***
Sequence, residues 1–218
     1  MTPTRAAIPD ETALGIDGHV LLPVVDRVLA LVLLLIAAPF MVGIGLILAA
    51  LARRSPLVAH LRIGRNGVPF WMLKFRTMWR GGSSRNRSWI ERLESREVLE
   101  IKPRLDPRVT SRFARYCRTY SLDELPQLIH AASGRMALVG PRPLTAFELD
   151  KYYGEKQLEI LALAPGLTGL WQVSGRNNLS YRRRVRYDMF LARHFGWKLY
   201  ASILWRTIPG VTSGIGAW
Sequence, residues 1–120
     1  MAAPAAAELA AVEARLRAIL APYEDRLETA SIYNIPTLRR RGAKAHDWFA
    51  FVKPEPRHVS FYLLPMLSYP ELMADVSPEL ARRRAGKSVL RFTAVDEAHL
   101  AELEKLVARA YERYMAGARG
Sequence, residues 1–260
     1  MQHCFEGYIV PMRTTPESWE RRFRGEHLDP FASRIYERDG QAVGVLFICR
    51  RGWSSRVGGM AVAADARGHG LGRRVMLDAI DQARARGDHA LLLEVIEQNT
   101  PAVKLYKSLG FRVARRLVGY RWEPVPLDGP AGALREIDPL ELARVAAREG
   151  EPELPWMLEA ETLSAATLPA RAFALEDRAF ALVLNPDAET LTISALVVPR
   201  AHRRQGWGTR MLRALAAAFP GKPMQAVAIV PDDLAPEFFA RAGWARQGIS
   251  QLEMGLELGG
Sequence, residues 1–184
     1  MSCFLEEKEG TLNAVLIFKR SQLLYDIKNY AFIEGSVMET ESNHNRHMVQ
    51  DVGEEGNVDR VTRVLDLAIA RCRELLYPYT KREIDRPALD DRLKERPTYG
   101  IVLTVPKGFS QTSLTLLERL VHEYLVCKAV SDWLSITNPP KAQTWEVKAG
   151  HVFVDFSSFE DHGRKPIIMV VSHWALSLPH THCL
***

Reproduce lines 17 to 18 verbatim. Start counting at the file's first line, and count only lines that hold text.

   251  QLEMGLELGG
Sequence, residues 1–184